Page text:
• “Don’t be afraid of raising capital in a downturn… Half of the companies in the Fortune 500 were launched during a recession or bear market, including General Electric, General Motors, IBM, Microsoft, and CNN.”
  • “Plan on being partners for a long time.” (again, long-term mindset) 
  • “Interview potential sources of capital the way you would a new recruit. They bring more than just capital. The best bring ideas, contacts, and support.”
  • “Raise capital before you need it.”

5. Communicating:  
  • “I can be influenced by new information” (always be ready to change your opinion. As the saying goes, strong opinions are weakly held.)
  • “I am genuinely curious” (be radically open-minded, as Ray Dalio says).
  • “Our goal is for the best idea to win.” (be a good listener) - listening “makes you less susceptible to your own ego. When you have a goal that lies beyond you, you are less likely to worry about making yourself look good.”
  • “Balance inquiry with advocacy”
  • “Don’t plow around disappointing news. People are smart. They’ll respect a leader who trusts them with the truth.”

6. Running meetings:
  • Your ability to run meetings is closely tied to your effectiveness as a leader
  • Invite only the right people - “no audience”.
  • Articulate the goals and focus of the meeting right off the bat. Have a clear and lean agenda.
  • Try to always meet at an earlier time
  • Don’t ignore the importance of “atmosphere and logistics” (make sure people can be comfortable and focused at the same time during meetings)
  • Everyone should come prepared (know what the meeting is about in advance) and leave with assignments/follow up items
  • “Consider meetings an opportunity to train others to be on time, to expect to participate, to take on follow-up assignments, and to respect others’ time”
  • “Make meetings fun”
  • “When the outcome of a meeting is to have another meeting, it’s been a lousy meeting”

7. Using a board:
  • First, think about how to build a high-quality board: solve for “fit”.
    • “Remember that a board is a team. Select those who “play well with others,” know how to listen, and have high emotional intelligence or EQ. If you don’t, you’ll be refereeing disputes, soothing egos, and wasting time.”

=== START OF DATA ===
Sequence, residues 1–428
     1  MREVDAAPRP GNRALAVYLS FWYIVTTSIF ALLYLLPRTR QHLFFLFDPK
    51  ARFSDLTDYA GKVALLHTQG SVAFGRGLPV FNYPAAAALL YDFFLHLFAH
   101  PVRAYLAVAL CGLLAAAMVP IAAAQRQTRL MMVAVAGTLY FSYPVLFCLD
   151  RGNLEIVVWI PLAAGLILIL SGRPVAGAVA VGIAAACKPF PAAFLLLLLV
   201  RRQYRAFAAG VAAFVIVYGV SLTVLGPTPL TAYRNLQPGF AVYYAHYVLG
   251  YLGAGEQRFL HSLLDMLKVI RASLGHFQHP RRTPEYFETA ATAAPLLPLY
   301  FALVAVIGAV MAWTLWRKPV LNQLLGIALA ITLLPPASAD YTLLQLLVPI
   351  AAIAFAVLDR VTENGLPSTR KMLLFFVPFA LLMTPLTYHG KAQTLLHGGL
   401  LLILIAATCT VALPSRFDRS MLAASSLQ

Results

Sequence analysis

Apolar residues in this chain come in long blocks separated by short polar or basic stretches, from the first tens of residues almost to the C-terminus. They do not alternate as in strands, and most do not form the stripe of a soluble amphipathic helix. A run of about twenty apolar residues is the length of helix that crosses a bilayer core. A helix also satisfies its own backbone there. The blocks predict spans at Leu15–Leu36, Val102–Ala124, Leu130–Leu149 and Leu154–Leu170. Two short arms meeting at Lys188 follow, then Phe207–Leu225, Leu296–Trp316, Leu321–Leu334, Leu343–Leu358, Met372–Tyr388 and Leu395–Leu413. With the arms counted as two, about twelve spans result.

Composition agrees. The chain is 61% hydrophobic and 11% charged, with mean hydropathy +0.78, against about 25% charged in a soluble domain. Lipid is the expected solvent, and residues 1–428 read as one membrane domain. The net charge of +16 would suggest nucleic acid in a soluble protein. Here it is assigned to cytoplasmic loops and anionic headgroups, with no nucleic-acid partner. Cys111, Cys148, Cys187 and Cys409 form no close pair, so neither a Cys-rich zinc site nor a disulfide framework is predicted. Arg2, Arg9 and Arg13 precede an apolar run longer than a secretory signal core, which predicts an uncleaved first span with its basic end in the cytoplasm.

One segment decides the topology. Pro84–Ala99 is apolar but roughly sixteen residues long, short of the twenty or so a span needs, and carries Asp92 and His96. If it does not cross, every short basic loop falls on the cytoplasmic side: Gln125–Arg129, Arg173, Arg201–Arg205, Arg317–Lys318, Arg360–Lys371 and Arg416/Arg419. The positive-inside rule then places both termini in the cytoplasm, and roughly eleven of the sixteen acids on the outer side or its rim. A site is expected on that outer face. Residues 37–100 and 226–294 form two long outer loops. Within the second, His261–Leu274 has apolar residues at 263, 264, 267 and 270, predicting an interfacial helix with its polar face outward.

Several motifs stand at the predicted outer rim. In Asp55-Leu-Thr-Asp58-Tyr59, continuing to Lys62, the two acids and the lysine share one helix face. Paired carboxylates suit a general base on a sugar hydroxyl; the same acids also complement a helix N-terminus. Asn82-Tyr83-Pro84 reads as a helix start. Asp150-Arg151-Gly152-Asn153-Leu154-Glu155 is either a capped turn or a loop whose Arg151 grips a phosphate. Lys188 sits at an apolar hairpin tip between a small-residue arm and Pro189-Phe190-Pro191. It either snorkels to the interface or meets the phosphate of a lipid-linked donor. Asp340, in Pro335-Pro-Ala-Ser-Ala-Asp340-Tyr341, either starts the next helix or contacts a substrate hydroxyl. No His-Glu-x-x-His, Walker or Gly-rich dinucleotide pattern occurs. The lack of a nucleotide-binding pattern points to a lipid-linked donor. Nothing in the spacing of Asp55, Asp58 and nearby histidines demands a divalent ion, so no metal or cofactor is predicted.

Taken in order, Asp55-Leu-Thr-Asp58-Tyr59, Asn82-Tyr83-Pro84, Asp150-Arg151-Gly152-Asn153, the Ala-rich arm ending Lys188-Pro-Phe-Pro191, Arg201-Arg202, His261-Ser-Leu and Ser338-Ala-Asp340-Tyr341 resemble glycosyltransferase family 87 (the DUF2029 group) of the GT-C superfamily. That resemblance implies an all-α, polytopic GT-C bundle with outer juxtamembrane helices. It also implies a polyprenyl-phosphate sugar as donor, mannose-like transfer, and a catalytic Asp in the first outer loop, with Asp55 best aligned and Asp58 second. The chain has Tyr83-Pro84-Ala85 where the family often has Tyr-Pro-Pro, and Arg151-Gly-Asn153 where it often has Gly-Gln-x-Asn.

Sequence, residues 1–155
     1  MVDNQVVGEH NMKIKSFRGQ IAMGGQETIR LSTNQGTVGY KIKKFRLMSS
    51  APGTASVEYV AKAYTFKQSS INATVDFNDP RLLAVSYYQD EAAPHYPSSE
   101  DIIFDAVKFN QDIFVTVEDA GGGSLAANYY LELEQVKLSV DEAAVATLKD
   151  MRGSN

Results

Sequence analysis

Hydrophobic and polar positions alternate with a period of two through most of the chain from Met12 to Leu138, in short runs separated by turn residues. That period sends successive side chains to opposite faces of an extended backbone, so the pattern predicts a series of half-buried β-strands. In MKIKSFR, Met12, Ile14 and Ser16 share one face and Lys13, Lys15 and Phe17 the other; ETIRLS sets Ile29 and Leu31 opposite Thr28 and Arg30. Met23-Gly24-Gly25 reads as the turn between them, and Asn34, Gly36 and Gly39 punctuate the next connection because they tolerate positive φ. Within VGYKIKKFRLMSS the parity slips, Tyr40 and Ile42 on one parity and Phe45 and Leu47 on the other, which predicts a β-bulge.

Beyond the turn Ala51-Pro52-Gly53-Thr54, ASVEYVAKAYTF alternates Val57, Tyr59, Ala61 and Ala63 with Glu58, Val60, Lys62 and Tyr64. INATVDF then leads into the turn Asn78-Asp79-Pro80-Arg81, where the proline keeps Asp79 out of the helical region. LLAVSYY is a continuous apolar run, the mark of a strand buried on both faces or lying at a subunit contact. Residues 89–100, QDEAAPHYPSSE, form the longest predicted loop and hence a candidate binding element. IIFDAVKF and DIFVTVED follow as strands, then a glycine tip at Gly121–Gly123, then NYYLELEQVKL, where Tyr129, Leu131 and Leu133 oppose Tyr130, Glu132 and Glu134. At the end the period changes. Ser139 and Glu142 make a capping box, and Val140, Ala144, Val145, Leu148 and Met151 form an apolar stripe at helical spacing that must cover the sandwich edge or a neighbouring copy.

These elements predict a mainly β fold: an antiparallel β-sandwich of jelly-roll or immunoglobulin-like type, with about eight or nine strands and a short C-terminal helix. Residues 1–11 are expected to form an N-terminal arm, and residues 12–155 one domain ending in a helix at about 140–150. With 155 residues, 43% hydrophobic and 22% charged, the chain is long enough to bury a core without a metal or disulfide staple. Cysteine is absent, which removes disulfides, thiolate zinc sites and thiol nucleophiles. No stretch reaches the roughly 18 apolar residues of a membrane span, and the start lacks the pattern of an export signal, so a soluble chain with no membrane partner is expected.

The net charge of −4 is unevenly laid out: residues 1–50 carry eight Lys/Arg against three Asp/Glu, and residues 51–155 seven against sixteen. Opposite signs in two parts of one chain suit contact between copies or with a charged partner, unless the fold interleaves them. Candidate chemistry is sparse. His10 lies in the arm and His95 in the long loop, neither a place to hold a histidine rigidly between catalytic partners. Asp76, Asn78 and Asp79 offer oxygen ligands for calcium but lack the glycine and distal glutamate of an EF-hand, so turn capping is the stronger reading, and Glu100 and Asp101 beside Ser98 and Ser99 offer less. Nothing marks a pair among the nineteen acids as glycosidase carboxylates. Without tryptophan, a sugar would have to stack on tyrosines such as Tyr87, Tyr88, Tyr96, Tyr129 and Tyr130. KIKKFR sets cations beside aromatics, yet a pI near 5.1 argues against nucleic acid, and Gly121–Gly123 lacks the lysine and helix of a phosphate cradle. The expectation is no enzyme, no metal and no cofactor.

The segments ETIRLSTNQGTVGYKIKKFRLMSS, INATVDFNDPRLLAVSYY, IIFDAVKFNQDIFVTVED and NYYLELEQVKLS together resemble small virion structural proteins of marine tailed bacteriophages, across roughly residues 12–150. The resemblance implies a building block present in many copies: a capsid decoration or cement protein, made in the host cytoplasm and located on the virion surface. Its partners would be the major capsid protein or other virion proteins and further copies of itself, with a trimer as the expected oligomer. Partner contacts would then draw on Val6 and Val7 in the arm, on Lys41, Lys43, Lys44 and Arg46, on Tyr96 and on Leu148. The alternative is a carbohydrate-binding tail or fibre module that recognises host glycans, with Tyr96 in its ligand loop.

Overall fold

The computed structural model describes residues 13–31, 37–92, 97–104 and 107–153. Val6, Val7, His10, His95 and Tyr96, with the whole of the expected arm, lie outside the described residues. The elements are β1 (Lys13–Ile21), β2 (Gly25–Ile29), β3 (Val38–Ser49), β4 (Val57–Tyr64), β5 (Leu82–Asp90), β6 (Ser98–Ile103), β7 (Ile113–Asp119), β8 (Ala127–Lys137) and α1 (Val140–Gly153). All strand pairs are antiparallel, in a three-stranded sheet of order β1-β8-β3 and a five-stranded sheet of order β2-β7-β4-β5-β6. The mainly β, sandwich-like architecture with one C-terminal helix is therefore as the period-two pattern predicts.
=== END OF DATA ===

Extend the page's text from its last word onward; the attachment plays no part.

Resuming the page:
• Then think about how to hold the meeting - here, Peterson provides some very detailed rules and practices to follow

8. Overcoming adversity:
  • “Confront reality” (have intellectual honesty - recognize something’s wrong/not working) 
  • “Focus on the core” (the one thing that defines your company’s business - everything else should take a backseat. Be focused)
  • “Extend the runway”
  • “Take action now”

9. Surviving growth:
  • “Growth creates risks” (easily neglected), along with opportunities
  • Careful not to fall into the founder’s trap.
    • “Getting out of the founder’s trap—or beyond the mind-set of the pure entrepreneur—often requires intervention. This is where a wise board can be invaluable. But interventions are dangerous and if not done carefully, sequentially, and with cooperation from the founder, they can trigger premature death.”
  • Always keep a high-trust culture in place where the best idea wins (in other words, always keep a “startup mindset” even as your company grows big - consciously do not let power, bureaucracy, and process take control and smother ideas and the products)
  • Always make sure “you have access to cash”
  • Be able to anticipate all these problems that come with growth - have foresight, act on them early

10. Driving change:
  • Most important job and ability of entrepreneurial leaders at any stage.
  • People naturally fear change. They like to stick to the status quo.
  • Five forces that drive change:
    • Force - rarely work in business settings and rarely have a lasting impact
    • Fear - again, the effect is limited and only lasts temporarily
    • Reward - “compensation is only one way to reward people. Recognition, celebration, and advancement may be less effective in the short run but are more durable in the long run.”
    • Duty - A shared sense of mission tends to make change easier and more enduring. It no longer even feels like change but rather becomes the excitement of winning something that matters.
    • Love - The most potent source of change

A more effective way of driving change is to lead by example - “to show the way rather than simply telling others how to do it.”

In all, Joel Peterson applied decades of experience to provide a practical manual for leaders. Leadership qualities matter. In any types of organizations, leadership may be the differentiating factor between over-performance and mediocrity. This is the book for all aspiring entrepreneurs.